• Reply 69 of 81
    igrivigriv Posts: 1,177member


    Originally Posted by popnfresh View Post

    Apple doesn't control Wall Street. The decline of AAPL is unsupportable given Apple's balance sheet, plain and simple. But as any savvy investor can tell you, market psychology is what counts the most in terms of explaining the rise or fall of a particular stock. There's nothing that AAPL can do in the short term to change this. The only reason that Apple has been as successful as they are and has as much cash on-hand as they do is because of innovation.



    Being an investor carries with it a responsibility to stay on top of market trends. This is true with any equity, not just AAPL. Taking a big loss on AAPL is inexcusable considering that the decline is not something that happened overnight. AAPL has been falling for months. If anyone was caught sleeping at the wheel all this time, it's their own fault.


     


    Apple can do a lot in the short and the long term, but they have a competent management team, which should prioritize. The shareholders own the company, however, and they can make it clear to the management (via the board, which represents the owners) where the priorities should lie, while the management has a responsibility to explain the strategy it is pursuing.


     


    Suppose you buy stock which you believe [through deep understanding of the business] to be worth $10 a share, and you pay (say) $8 a share. The stocks then falls to $7. Do you sell, or do you see this as an even better deal now, and buy more, or at least hold your position. Einhorn has done the latter, as have a number of other people [many of them contributors to AI]. Your solution would be to sell low, and wait until the stock was back at $8 to buy back. "Sell low, buy high" -- a strategy which works for no one but is used by many (including you).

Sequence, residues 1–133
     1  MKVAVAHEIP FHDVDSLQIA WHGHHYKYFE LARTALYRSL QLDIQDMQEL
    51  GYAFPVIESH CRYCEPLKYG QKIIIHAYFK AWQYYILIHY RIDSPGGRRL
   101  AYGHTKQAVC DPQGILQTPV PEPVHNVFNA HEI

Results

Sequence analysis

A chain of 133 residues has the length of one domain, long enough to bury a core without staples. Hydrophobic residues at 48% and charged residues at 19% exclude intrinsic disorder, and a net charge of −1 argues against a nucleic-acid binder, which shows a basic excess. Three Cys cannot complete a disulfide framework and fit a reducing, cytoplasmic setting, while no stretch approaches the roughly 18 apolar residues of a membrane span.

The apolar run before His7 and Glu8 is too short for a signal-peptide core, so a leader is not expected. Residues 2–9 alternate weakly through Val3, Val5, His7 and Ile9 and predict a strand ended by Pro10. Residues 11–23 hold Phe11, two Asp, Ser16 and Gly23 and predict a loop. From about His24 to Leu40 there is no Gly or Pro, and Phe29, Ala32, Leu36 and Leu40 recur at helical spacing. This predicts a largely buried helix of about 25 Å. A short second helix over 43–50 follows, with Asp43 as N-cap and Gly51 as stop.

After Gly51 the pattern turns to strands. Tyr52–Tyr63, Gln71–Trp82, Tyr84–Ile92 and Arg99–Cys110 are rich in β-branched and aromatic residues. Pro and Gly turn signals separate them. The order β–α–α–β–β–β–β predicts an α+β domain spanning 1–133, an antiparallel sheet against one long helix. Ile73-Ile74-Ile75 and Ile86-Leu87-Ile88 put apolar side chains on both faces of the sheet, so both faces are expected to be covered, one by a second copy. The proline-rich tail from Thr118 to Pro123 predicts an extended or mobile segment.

• Reply 70 of 81
    igrivigriv Posts: 1,177member

    Quote:

    Originally Posted by iPilya View Post



    I wonder.... how low does APPL need to go before $130 billion can be used to take the company private?


     


    The answer is: what is the question? My point was that Apple's cash hoard would make it easier for them to borrow the $500bn they would need to take the company private. The would have a lot of debt, but if they continue to generate money at the rate they are, they would be free and clear in fifteen years.

  • Reply 71 of 81
    igrivigriv Posts: 1,177member

    Quote:

    Originally Posted by Rayz View Post





    Every major piece of software in existence has its share of bugs.


     


    But few software vendors have Apple's resources.

  • Reply 72 of 81
    igriv wrote: »
    That's the stupidest thing I had heard in a long time. Apple can do a lot in the short and the long term, but they have a competent management team, which should prioritize. The shareholders own the company, however, and they can make it clear to the management (via the board, which represents the owners) where the priorities should lie, while the management has a responsibility to explain the strategy it is pursuing.